Poggi has made it clear that Charlotte will scour the portal for quarterbacks and the program plans to retain Ivey, promising him a scholarship following the comeback victory against Tulsa. But an upgrade is in line, and fast.
“Our quarterback position is our quarterback position. We desperately need an upgrade at that position,” Poggi said. “And that’s just the truth.”
Lessons learned and what’s next
When asked about potential offseason coaching changes Poggi took a long pause.
“I want to evaluate everyone on the staff. And I want to do it in a methodical, non-emotional way. I need to go back again and watch every snap on both sides of the ball and special teams. And see the strengths and weaknesses of our schemes and play-calling,” he said.
The roller-coaster that was Poggi’s first year didn’t come close to the expectations of the multi-millionaire hedge fund manager. But if he’s learned anything, it’s that he won’t make the same mistakes again.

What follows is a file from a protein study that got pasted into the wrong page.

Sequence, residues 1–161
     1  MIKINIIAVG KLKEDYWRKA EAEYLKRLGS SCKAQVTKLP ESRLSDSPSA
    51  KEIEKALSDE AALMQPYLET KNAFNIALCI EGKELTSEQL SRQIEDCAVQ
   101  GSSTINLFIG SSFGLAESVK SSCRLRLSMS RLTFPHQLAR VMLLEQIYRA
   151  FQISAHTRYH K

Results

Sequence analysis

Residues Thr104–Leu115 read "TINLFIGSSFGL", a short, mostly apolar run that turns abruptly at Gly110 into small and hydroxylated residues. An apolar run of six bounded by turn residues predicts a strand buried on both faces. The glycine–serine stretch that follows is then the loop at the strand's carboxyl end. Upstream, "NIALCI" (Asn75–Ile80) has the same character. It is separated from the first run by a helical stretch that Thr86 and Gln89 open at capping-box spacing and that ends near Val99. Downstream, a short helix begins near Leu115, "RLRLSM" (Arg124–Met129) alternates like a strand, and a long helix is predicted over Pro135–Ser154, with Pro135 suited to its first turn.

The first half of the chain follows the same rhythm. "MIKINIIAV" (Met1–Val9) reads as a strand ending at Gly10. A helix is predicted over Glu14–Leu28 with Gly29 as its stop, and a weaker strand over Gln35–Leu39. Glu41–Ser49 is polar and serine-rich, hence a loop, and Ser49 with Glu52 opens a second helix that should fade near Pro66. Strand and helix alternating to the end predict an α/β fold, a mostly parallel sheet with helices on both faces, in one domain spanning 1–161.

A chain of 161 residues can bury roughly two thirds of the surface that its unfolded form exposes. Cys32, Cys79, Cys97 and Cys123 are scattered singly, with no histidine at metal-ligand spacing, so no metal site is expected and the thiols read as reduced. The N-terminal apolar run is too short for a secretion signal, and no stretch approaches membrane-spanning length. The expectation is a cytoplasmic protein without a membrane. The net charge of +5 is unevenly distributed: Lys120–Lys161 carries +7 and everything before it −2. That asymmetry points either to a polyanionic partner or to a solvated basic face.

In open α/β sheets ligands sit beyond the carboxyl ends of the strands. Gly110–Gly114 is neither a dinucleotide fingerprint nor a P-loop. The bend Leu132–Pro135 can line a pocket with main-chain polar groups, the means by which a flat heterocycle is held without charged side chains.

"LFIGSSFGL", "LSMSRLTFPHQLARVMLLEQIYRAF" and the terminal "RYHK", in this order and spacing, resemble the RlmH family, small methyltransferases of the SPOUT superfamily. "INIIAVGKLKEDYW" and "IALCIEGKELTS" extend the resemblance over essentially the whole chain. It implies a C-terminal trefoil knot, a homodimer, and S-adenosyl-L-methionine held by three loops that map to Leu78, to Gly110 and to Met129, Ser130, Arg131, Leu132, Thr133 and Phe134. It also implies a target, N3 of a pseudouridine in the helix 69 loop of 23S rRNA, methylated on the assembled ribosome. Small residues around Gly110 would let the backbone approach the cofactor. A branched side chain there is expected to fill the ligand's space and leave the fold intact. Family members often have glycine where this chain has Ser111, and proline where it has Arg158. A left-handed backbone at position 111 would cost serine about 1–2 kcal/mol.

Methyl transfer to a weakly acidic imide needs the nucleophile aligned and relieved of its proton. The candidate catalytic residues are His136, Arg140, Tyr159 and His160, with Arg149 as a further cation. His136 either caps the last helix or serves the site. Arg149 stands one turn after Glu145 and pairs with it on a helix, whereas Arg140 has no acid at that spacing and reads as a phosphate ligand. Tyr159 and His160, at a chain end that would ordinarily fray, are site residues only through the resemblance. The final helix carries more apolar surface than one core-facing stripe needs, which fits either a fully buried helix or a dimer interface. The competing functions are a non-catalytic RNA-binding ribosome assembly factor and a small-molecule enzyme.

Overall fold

“This is all a process. As I said in my last press conference, this has been a huge learning experience for me. I’ve learned more in the last year than probably I’ve learned since I started investing.”
Poggi closed the final media availability of his first year on a hopeful note, hinting at big news coming on Dec. 20, national signing day.
“We’re well along at recruiting some unbelievably good players. Now, we’ve got to get them. At the end of December, we’ll have some really exciting news on that,” the coach said. “The interesting thing about it is that after this season, we have so many kids, really good players, that want to come to Charlotte.”